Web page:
Learning another language

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When you learn another language there are several obstacles to overcome, mainly due to your mother tongue.

The primary two are L1-interference and generalisation.

L1-interference or mother-tongue inteference is when your mother tongue appears as ‘static inteference’ when learning a second or third language. It always pops up somehow.

Generalisation is when you apply the main rules of a language to everything. Very difficult in a language like English which, as one of my students put it, appears to be ‘one large exception’.

Sounds and syntax which do not appear in your own language are very hard to use in another language. For example:

  • Native Swedish speakers cannot produce th and ch sounds because they do not have it in their mother tongue (strength, cheap). They also have difficulty with titles, apostrophes and capitalisation for the same reason.
  • Native Polish speakers have difficulty with definite and indefinite articles because they do not have them in their mother tongue (an, a, the)
  • Native Russian speakers have issues with word order
  • Native Estonian speakers have problems with personal pronouns

The biggest problems for all non-native speakers of English tend to be

  • irregular verbs
  • subject-verb agreement
  • prepositions
  • pronunciation
  • spelling
  • simple vs continuous verb forms
  • false friends (where languages have the same words but those words have different meanings)
  • People with a similar language may overestimate how similar the languages are
  • People with similar second and third languages tend to mix them up without knowing. For example a native Serbo-Croatian speaker may confuse Swedish and English (they are both Germanic) and suddenly switch from one to another without realising it, totally confusing their listener.

If you wish to become better at a language there are several ways to go about it. I usually teach people who need to USE their English and so I train mainly through speaking – topical discussions using realia or what they are working on and need to communicate to others. This allows them to push the boundaries beyond their comfort zone in a safe environment. I only teach grammar if it is something that a person does not know or needs to revisit. Otherwise I find teaching too much grammar causes people to second guess everything and actually make more errors than before. The people I teach need to speak English so teaching it as they learned it in school is not an option.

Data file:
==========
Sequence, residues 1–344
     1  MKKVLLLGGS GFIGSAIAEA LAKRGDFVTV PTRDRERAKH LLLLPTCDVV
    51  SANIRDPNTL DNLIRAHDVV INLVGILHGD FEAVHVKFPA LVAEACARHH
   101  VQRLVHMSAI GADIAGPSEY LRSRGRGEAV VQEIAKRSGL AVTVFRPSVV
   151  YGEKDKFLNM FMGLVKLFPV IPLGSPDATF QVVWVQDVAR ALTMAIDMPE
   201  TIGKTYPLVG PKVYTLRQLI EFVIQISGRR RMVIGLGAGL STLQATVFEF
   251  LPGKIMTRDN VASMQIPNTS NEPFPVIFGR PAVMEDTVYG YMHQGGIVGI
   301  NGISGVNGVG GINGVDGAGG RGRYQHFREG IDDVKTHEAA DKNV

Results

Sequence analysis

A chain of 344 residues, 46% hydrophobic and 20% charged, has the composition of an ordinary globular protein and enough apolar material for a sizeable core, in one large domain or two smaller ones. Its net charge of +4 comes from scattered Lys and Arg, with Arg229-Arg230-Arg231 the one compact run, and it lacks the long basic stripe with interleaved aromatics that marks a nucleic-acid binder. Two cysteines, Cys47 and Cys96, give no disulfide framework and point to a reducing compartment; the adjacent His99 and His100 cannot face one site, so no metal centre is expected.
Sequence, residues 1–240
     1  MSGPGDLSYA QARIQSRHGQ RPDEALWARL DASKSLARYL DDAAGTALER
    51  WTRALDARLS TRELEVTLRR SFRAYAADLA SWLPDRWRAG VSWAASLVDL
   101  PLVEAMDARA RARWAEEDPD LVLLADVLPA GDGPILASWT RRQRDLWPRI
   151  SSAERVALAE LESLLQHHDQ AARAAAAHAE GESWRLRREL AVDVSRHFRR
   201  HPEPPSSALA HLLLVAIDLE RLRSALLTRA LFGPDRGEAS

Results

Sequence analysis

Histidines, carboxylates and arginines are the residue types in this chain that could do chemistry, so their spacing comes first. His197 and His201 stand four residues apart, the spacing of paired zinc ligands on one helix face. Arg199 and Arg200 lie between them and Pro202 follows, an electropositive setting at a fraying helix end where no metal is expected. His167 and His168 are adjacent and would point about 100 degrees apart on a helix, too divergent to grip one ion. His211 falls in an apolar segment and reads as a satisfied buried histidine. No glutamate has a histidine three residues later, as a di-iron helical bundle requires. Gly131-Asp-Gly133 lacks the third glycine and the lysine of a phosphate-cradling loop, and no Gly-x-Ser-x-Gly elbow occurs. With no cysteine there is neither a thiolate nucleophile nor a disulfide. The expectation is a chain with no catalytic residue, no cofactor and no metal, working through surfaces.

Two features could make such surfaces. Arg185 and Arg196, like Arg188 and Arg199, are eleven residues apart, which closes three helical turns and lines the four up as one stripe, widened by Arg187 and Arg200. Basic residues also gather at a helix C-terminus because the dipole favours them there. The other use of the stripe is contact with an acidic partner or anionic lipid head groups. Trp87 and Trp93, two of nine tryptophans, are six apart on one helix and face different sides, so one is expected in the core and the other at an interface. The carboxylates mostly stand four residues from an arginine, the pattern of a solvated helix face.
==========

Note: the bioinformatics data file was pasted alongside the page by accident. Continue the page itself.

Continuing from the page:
Regarding correction – some people like tight correction but others find it makes them lose their confidence. So this is a decision I make individually. I tend to place more emphasis on vocabulary than grammar because people will understand your grammar in context but they will not understand you if you use the incorrect word. This could also be very dangerous in the political arena as your message is often delivered in nuances.

Most of my students do one to two hours of intensive speaking with me weekly, supplemented, if they have time, by reading and watching movies. This helps them internalise natural native English speech patterns and things like prepositions – both things are extremely difficult to learn by rote or learning the rules.

Author: Janet Carr

Fashion, beauty and animal loving language consultant from South Africa living in Stockholm, Sweden.

2 thoughts

  1. Ahhh Janet! Don’t tell me about teaching English to people! I’ve been a Uni teacher for over twenty years now and though it is a job l adore, it request a lot of adaptation and individualisation. Each student has special needs and a different way to learn. So it is just impossible to have only one way of teaching as it would never work for tha majority.

    Also speaking fluently five languages and using them all for work purposes (translation for the EU) l agree with what you say about the biggest problems a language learner has to face. I was lucky enough to talk three foreign languages by the age of 10 so it somehow helped me to learn two more when l was a teenager.

  2. Quite an interesting read – since this is the tail end of learning to communicate with individuals who have autism. Most of above is true for an individual who has a slight touch of autism. The individuals who have severe autism accompanied with profound mental retardation, as my son, teaching words (in the English language) must be taught as a receptive/expressive combo. Once a noun is learned – it is best paired with a verb… e.g. starting with a list of ten nouns paired with ten verbs. Teaching that a noun has a purpose (action word). The old therapies taught nouns – so you would end up with an individual who had a list of 50 receptive/expressive words and the individual did not know what the noun did. I like how this blog shared the final stages of one teaching the English language to someone who is diagnosed on the Autism Spectrum.

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